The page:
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CHINA’S FOREIGN POLICY IN THE POST-COLD WAR ERA THROUGH THE LENS OF THE FIVE PRINCIPLES OF PEACEFUL CO-EXISTENCE

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thesis
posted on 04.01.2018 by TAFADZWA MANDINYENYA
This research pays attention to the gradual development and changing statecraft of China’s foreign policy in the post-Cold War era (1990-2017). The research explores the Five Principles of Peaceful Co-existence as enshrined in China’s 1982 Constitution. The inquiry reveals inconsistencies between China’s foreign policy 'talk' and 'walk.' The research found that the Five Principles fall secondary to China’s national self-interests. Moreover, although the spirit of the Five Principles is prevalent in China’s foreign policy 'talk,' they seem to in fact be used more as 'survival strategies' than mechanisms for common, shared aspirations in international affairs. The country’s behavioral transformation, coupled with its foreign policy 'walk' post the 2007 global economic crisis, can be seen to have changed from being passive to becoming more assertive and confrontational.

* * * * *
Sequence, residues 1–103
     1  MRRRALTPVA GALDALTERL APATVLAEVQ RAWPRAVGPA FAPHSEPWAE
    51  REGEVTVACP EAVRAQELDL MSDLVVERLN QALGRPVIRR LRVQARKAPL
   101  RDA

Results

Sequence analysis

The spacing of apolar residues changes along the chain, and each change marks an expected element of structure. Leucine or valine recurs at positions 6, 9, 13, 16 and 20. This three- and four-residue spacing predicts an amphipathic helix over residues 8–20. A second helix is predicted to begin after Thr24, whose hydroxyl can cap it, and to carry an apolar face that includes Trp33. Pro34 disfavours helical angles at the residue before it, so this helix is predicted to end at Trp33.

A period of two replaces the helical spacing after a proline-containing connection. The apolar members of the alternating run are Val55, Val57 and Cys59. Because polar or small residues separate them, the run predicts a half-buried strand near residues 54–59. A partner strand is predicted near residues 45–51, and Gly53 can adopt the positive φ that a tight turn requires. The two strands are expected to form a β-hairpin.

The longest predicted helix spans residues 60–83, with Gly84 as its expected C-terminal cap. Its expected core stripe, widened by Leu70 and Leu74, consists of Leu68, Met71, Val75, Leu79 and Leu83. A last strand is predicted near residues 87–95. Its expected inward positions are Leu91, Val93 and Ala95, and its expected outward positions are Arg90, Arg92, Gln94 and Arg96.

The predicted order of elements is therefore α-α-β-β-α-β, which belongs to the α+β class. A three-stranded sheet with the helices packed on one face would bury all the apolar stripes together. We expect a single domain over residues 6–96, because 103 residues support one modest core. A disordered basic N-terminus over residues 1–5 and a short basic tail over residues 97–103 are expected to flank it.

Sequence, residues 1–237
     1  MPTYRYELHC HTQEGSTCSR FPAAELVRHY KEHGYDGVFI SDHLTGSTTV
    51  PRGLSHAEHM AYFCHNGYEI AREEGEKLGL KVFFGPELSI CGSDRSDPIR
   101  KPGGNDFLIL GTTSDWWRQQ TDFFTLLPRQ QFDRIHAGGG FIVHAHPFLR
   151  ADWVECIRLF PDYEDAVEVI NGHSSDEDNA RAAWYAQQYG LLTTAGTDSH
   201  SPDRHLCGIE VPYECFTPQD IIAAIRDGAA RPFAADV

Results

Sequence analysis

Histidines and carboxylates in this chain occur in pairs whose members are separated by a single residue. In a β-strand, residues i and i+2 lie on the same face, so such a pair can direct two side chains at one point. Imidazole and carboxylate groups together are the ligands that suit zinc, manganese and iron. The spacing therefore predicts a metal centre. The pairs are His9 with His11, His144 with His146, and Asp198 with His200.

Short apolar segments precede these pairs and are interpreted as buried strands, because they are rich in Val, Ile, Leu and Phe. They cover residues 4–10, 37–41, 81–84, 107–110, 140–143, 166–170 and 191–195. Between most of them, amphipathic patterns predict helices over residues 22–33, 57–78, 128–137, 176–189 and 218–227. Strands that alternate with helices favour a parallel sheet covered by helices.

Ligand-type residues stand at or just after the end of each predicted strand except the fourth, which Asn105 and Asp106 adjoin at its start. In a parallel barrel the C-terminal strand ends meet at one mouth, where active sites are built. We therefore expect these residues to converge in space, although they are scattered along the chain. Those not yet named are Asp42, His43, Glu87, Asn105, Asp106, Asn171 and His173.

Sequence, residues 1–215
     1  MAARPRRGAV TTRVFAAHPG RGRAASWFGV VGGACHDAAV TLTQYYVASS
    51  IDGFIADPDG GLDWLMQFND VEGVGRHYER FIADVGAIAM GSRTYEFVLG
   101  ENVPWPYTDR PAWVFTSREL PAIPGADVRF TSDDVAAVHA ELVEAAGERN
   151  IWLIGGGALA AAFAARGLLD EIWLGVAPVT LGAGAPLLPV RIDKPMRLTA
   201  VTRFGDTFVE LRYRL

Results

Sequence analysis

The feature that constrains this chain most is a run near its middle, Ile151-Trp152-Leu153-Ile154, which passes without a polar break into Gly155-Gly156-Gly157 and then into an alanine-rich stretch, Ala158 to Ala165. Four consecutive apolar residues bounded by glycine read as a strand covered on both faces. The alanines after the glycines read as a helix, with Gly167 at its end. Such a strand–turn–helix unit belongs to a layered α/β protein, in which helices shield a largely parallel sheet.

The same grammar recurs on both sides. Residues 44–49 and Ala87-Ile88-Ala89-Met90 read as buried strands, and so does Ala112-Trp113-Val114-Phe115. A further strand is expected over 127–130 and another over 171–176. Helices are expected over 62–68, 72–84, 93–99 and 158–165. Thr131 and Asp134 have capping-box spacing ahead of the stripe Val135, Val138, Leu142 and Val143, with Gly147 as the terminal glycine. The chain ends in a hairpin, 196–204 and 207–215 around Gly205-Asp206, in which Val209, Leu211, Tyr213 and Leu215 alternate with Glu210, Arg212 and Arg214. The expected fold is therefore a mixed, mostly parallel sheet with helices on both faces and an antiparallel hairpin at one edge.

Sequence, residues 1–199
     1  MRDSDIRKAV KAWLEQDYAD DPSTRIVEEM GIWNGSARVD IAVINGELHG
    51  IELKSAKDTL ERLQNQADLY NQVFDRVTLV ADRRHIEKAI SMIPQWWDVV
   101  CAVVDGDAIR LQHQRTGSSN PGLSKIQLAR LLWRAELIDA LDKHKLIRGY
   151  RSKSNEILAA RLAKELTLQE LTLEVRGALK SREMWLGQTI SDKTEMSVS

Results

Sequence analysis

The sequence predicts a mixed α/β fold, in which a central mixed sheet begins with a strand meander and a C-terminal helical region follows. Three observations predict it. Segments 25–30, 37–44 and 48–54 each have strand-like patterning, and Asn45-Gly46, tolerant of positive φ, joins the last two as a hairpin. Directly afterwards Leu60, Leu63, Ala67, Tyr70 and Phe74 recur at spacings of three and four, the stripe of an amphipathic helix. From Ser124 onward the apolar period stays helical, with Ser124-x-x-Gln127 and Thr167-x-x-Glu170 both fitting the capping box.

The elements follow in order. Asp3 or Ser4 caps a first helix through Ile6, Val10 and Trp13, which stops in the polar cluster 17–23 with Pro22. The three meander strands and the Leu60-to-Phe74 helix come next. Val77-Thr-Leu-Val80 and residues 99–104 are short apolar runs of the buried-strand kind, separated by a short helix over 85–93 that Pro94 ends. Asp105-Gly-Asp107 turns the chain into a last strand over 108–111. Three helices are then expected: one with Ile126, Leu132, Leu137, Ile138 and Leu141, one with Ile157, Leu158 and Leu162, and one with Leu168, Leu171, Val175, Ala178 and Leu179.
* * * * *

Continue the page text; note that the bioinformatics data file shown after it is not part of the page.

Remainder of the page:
History

Principal supervisor

Anna-Mart van Wyk

Additional supervisor 1

Victoria Graham

Year of Award

2017

Department, School or Centre

School of Social Sciences (Monash Africa)

Course

Master of Philosophy

Degree Type

Masters

Faculty

Faculty of Arts

Exports